Financial services firms have lobbied hard to roll back regulatory burdens and have found a sympathetic ear in the Trump administration – but they may be backing the wrong horse according to VigilantCS founder and CEO Rob Kirwin, in a research interview with FinTech Global.
Kirwin told FinTech Global, firms have complained incessantly about the escalating costs of compliance in the wake of new regulations. But the former regulator and chief compliance officer believes a robust global regulatory regime is here to stay. If there is one area that will come under greater scrutiny, it is that of advisory practice—the ability and willingness of advisors to deliver fair client outcomes, otherwise known as conduct risk. The horse that they should be backing is technology, specifically Regtech.
RegTech, which encompasses artificial intelligence and machine learning, can detect and flag patterns in human behaviour that enable firms to take preventive action, improving outcomes for clients. These new technologies inspired Kirwin to launch Toronto-based VigilantCS, a cloud-based staff-level compliance platform. The company helps dealers, advisors and investment fund managers gain access to cost-effective improved controls and analytics to lower conduct risk.
The platform includes regulatory disclosure management, staff personal trading tracking, social media reporting, client complaint reporting, as well as proficiency and continuing education requirements. In short, it tracks whether financial services employees know what to do—competency—and their behaviour as it relates to client accountability.
Kirwin said, “Compliance officers are a little bit fearful of RegTech. Since the credit crisis, they have found comfort in ramping up staff numbers and expanding their oversight.”
“Now, with new technology, you’re going to find that those manual spreadsheets and other manual controls can be automated, and disparate systems that track staff activity but do not speak to each other are insufficient to provide a profile view of each staff member. There will be resistance from some compliance professionals to Regtech, but in the end technology will support compliance professionals and firms achieve better outcomes.”
This rise in the need for RegTech is seen in data from FinTech Global, with Q1 2017 setting a record for the number of investments in RegTech companies at 34 deals completed in the period, up from 25 deals in the previous quarter. Deal value was not as high as in Q3 2016, which was $76m more across 11 fewer deals. RegTech’s potential is being realised as new companies emerge and investment dollars are drawn into this area.
Kirwin sees the opportunity to reallocate compliance staff that are now dedicated to collecting and organizing data to data analytics—gaining a better insight into staff conduct to mitigate conduct risk. RegTech platforms allow compliance officers to spend less time working with lengthy manual tasks and more time on productive one.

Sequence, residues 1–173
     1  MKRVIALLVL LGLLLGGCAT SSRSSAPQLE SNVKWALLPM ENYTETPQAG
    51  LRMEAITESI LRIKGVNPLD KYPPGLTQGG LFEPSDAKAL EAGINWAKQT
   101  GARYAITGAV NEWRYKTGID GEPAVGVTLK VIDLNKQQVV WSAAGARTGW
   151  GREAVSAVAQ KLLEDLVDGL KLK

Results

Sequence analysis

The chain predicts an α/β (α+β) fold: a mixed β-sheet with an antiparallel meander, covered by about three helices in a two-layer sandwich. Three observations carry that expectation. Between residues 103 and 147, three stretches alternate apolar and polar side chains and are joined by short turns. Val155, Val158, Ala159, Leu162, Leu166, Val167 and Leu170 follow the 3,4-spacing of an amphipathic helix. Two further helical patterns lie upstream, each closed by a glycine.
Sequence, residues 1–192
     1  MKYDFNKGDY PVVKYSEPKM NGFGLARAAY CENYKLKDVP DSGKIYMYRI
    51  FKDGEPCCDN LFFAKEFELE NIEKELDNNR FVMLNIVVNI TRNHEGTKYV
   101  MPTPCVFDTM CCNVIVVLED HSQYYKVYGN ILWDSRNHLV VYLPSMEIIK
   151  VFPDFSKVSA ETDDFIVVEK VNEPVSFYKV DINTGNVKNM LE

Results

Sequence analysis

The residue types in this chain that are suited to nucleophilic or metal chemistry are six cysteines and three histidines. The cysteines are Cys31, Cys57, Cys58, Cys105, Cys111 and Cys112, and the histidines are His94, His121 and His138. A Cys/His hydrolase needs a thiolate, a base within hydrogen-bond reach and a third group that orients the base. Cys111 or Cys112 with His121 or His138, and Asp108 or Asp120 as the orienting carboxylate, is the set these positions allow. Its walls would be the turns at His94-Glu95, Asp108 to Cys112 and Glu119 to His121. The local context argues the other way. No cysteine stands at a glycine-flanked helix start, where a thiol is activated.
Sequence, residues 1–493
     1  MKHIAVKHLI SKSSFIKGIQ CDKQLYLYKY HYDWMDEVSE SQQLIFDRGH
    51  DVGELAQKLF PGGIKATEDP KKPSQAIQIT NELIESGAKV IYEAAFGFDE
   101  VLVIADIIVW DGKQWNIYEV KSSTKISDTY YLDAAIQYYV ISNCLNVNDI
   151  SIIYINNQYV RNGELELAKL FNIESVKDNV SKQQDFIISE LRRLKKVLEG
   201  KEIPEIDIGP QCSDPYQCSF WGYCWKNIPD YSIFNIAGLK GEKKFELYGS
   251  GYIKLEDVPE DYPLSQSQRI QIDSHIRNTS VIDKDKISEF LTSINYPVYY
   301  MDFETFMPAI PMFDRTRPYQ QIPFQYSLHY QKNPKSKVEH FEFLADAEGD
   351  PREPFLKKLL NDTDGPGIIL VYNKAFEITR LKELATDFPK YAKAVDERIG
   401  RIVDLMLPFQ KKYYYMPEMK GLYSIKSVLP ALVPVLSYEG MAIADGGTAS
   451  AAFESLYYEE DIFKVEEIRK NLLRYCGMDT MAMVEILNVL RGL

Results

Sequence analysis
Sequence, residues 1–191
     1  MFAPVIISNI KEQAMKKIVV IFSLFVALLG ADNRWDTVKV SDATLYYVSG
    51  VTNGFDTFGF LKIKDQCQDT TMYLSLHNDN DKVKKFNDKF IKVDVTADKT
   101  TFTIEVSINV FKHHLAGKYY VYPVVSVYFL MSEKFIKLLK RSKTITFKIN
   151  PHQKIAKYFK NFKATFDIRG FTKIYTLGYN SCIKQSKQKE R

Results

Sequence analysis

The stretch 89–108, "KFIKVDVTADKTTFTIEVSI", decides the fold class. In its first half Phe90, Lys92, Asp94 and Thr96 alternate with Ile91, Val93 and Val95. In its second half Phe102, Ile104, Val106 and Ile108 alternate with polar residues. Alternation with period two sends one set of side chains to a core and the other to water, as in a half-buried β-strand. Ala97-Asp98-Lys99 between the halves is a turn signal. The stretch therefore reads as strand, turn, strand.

He added, “I think that, ultimately, the role of the chief compliance officer or the compliance manager is going to change from merely tactical to a strategic role. Compliance can play a critical role in the organisation, and with better quality data that is more accessible, it will allow compliance to partner with the business in order to drive it forward in a compliant manner.”
Over time, financial services firms large and small will have to adopt RegTech solutions to increase efficiency, enhance controls and lower costs. This might not be too far in the future with new regulations being implemented all the time and banks wanting to save money.
Kirwin added, “Here in Canada, financial services company margins are getting thinner, so the banks are beginning to automate areas that consume resources. By the same token, banks are very concerned about reputational risk. So, I would say within six months to a year there’s going to be significant growth in RegTech investment and then it’ll just keep growing.”
One of the issues that Kirwin has noticed is people not seeing or understanding that there is a problem that needs to be fixed. That means a lot of his time is spent teaching people how to identify the problems, how efficiencies and better data can help a business understand itself better, and the payoff of RegTech. When a company gets new data, compliance tends to simply put it on a spreadsheet, which in the end costs millions in ongoing manual updates, but the cost is not quantified.
“I don’t think there will be a choice. It’s going to be one of those situations where some firms will adopt RegTech quicker than others, and those firms will have improved margins and a better understanding of their business. It’s going to be one of those situations where the early adopters who can demonstrate value will cause a bit of a ripple effect throughout the industry.”
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